Every user on a UNIX® system has a password associated with their account. It seems obvious that these passwords need to be known only to the user and the actual operating system. In order to keep these passwords secret, they are encrypted with what is known as a ``one-way hash'', that is, they can only be easily encrypted but not decrypted. In other words, what we told you a moment ago was obvious is not even true: the operating system itself does not really know the password. It only knows the encrypted form of the password. The only way to get the ``plain-text'' password is by a brute force search of the space of possible passwords.
Unfortunately the only secure way to encrypt passwords when UNIX came into being was based on DES, the Data Encryption Standard. This was not such a problem for users resident in the US, but since the source code for DES could not be exported outside the US, DragonFly had to find a way to both comply with US law and retain compatibility with all the other UNIX variants that still used DES.
The solution was to divide up the encryption libraries so that US users could install the DES libraries and use DES but international users still had an encryption method that could be exported abroad. This is how DragonFly came to use MD5 as its default encryption method. MD5 is believed to be more secure than DES, so installing DES is offered primarily for compatibility reasons.
libcrypt.a provides a configurable password authentication hash library. Currently the library supports DES, MD5 and Blowfish hash functions. By default DragonFly uses MD5 to encrypt passwords.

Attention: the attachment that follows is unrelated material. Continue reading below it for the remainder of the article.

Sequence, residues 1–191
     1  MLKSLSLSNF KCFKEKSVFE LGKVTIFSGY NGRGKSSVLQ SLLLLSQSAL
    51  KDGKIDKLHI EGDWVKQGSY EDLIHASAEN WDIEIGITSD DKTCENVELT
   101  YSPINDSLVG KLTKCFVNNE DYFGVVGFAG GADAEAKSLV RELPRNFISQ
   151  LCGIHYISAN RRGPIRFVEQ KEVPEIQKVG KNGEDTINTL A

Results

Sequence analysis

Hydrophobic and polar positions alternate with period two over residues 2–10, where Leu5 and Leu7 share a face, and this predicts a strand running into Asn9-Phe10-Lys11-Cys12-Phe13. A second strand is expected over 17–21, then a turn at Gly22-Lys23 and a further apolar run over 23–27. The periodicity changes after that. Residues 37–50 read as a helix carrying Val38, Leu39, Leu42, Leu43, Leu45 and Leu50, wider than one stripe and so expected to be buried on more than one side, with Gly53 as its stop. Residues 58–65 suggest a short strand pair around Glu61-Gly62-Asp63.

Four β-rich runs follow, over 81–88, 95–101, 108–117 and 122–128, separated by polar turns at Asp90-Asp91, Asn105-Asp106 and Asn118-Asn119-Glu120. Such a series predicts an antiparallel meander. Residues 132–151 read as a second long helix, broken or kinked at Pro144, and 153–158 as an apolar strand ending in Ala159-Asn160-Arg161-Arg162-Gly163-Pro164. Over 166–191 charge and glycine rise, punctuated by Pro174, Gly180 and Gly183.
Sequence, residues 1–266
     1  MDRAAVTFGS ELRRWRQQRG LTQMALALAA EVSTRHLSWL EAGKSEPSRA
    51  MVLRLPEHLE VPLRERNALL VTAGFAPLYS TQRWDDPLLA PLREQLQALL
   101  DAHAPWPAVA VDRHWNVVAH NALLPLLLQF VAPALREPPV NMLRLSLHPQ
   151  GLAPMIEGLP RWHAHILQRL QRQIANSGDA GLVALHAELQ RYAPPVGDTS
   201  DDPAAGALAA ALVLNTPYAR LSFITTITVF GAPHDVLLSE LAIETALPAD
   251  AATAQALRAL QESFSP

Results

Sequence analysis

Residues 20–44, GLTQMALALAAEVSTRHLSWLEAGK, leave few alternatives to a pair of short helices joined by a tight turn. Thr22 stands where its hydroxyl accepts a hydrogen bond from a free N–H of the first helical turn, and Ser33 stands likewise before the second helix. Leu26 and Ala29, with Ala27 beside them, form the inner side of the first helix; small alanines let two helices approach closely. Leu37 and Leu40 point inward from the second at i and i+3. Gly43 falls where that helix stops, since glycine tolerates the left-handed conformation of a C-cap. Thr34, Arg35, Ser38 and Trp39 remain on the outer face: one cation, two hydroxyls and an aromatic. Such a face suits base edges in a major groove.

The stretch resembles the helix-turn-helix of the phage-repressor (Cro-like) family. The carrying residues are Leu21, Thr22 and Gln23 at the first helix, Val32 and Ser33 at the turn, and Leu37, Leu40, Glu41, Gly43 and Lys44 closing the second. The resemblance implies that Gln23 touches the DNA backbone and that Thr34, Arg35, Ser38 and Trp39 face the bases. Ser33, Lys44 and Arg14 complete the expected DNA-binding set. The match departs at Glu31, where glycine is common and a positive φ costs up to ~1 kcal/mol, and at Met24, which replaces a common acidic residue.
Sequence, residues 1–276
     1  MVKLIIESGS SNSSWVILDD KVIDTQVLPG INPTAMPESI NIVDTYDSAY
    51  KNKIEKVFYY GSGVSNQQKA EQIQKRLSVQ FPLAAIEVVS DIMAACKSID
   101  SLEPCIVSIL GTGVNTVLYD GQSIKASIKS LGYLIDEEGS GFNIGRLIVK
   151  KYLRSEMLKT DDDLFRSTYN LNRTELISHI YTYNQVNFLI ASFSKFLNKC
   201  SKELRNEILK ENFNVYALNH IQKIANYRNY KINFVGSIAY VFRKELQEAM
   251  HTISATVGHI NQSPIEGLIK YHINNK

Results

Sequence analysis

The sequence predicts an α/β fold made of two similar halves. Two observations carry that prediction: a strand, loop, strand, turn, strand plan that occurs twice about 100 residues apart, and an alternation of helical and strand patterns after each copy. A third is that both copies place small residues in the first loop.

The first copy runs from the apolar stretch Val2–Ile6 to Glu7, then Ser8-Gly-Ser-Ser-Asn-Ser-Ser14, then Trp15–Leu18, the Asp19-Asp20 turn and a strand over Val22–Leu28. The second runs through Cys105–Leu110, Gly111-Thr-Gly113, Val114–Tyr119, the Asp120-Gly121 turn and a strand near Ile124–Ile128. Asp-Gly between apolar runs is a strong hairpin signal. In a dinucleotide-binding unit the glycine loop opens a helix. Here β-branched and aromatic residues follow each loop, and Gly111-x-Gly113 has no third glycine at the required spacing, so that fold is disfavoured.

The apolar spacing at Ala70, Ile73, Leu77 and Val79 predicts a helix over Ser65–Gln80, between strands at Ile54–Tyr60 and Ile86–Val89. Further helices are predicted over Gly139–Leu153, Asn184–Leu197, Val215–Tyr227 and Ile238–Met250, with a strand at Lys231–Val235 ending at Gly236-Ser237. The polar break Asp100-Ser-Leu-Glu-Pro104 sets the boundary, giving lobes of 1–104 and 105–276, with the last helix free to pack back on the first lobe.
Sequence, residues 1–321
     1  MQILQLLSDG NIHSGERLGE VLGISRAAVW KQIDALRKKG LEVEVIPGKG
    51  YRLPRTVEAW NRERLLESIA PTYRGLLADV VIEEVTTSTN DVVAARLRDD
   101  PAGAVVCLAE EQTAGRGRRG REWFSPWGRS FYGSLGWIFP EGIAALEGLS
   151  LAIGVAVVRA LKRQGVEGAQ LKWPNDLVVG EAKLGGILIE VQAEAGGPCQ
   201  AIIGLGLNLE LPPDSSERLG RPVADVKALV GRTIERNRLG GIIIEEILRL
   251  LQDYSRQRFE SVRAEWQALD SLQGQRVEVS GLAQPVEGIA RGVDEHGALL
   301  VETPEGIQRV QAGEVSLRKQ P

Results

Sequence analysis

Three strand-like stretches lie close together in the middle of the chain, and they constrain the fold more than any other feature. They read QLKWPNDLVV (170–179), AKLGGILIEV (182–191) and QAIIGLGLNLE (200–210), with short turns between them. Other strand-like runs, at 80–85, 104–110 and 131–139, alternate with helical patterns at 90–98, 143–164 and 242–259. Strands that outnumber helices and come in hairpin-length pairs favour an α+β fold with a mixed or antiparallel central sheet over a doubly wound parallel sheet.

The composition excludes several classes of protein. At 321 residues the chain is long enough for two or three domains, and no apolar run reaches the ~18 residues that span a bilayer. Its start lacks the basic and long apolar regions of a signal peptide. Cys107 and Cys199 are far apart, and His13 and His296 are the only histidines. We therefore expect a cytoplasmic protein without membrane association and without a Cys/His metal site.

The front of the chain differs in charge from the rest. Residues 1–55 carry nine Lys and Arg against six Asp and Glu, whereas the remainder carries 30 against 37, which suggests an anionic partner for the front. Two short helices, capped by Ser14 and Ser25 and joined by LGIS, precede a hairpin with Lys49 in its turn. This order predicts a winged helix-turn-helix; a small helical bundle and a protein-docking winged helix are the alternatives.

It is pretty easy to identify which encryption method DragonFly is set up to use. Examining the encrypted passwords in the /etc/master.passwd file is one way. Passwords encrypted with the MD5 hash are longer than those encrypted with the DES hash and also begin with the characters $1$. Passwords starting with $2a$ are encrypted with the Blowfish hash function. DES password strings do not have any particular identifying characteristics, but they are shorter than MD5 passwords, and are coded in a 64-character alphabet which does not include the $ character, so a relatively short string which does not begin with a dollar sign is very likely a DES password.
The password format used for new passwords is controlled by the passwd_format login capability in /etc/login.conf, which takes values of des, md5 or blf. See the login.conf(5) manual page for more information about login capabilities.
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